I don't doubt that it is possible to calculate one's way to suitable Ackerman, and General Motors probably needs to do that. We don't. Just look down on the king pin and the tie rod end, and extend that line to the center of the rear axle.
Correct... I will not be building your machine for you.
Thanks! I can never keep disc and disk straight. Now I wrote it on a post-it and stuck it on the monitor.
That car sounds like a race car all right! I can probably understand most aspects of steering geometry if I sit down and study it again, but itâ€™s been 30 years since I learned it, so it would take me all day now. And there are many forms of racing, and countless thousands of individual race cars.
But full power and hard braking means suspension travel at the extremes, and the steering linkage can be arranged so you get toe-in at the extremes when directional stability is needed most. Then, in the middle of the suspension travel, the toe will be slightly out, which helps with turn-in.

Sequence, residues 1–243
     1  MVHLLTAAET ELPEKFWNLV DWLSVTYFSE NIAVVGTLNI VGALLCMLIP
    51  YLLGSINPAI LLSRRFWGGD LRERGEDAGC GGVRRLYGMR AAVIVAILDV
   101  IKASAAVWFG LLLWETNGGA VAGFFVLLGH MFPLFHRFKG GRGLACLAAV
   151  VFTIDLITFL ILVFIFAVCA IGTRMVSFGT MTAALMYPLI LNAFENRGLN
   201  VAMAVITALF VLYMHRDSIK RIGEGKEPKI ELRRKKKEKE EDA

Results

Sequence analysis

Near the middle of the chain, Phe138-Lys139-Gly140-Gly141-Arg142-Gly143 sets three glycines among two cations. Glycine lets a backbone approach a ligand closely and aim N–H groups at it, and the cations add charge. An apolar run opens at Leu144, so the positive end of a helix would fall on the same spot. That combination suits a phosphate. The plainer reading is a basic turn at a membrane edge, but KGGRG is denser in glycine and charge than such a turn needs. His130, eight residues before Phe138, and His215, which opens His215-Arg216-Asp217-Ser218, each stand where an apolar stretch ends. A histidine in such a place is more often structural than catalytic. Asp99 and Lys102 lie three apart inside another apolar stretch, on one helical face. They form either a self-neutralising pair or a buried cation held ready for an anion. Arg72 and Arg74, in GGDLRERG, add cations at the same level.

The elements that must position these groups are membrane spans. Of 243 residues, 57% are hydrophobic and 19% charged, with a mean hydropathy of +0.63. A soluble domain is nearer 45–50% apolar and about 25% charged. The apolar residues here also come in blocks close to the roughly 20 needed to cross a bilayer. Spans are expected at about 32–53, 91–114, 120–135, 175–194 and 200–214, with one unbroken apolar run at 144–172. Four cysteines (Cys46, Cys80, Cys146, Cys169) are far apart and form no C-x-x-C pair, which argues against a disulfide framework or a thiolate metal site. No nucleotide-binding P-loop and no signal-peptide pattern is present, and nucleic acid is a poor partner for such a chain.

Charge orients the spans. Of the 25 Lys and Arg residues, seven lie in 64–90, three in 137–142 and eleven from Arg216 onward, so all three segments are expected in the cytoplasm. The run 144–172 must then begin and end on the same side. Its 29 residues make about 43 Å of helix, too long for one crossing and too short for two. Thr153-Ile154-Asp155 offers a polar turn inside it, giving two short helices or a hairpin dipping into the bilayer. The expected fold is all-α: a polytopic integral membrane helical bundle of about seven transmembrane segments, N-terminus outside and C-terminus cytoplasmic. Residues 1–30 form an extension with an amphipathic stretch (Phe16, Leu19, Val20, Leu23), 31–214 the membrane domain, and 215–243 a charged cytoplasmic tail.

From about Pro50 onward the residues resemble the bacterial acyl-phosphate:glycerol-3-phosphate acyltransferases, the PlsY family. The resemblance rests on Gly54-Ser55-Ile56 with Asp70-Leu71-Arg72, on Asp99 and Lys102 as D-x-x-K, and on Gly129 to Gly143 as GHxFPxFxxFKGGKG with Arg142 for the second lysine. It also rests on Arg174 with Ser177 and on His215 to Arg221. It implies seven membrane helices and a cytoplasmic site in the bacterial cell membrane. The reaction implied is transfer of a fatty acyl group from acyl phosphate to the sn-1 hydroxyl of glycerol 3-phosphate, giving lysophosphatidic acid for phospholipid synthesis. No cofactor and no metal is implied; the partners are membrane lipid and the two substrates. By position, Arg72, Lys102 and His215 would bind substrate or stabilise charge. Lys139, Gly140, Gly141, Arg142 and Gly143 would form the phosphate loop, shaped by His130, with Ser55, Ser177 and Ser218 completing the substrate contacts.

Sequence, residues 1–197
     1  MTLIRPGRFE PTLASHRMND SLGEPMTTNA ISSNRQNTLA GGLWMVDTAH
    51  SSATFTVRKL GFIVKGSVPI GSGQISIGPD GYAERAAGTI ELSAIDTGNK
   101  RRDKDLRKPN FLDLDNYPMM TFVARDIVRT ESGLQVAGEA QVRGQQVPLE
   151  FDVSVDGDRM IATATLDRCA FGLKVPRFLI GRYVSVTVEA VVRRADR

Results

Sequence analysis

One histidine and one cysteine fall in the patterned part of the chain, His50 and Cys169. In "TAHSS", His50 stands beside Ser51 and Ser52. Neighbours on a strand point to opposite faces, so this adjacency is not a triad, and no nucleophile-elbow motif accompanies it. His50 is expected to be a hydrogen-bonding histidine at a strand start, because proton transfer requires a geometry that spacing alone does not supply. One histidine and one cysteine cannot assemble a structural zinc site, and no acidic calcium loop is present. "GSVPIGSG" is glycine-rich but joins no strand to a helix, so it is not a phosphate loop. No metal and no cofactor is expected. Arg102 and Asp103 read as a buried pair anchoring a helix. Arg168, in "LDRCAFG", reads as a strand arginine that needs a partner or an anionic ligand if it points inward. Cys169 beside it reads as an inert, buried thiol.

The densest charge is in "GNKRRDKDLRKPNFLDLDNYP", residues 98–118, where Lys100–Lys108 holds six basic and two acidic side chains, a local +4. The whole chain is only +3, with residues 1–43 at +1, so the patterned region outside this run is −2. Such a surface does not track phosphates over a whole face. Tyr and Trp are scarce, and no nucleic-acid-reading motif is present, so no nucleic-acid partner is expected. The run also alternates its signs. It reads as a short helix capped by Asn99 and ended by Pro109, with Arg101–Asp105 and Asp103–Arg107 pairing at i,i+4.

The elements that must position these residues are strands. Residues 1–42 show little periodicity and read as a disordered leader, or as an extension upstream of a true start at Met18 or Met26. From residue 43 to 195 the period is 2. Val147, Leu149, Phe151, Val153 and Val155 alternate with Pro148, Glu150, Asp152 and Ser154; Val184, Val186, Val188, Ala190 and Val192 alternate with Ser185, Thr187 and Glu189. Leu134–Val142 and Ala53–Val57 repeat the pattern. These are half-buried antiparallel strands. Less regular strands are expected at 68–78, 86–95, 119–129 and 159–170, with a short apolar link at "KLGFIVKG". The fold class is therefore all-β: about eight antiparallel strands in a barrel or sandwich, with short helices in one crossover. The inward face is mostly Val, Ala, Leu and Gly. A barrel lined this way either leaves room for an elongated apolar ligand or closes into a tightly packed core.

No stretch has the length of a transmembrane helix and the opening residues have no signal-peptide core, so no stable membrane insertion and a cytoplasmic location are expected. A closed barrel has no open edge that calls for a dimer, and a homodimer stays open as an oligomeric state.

Old Mr. Ackerman is very much part of a race carâ€™s turn-in. Remember that the tires must be toed out in the turn. And for straightway stability, they must be toed in. The transition from toe-in to toe-out must necessarily cause a jolt in the system -- from everything being in tension to everything being in compression (or vice versa). That sudden transition is trivial in a grocery-getter, but is undesirable in a race car where the tires are already at the limit of traction, and any kind of upset in the forces will slow the car down.
The camber angle is also part of the suspension travel equation. The common system of short upper suspension links and long lower ones... is specifically intended to change camber to maximum negative (contact patches as far apart as possible) for stability under extreme conditions. And the camber of a tire affects which way it wants to go, so camber set for going fast around corners can also make a car squirrelly on the straights.
Keeping a squirrelly car going smoothly straight... is one of the key skills of a racing driver.
Right, there is probably no such thing as ideal steering geometry. Mass-produced cars are full of compromises for various reasons of cost-cutting, manufacturing, tire wear etc. My Dodge Dakota violates most of the basic â€œrulesâ€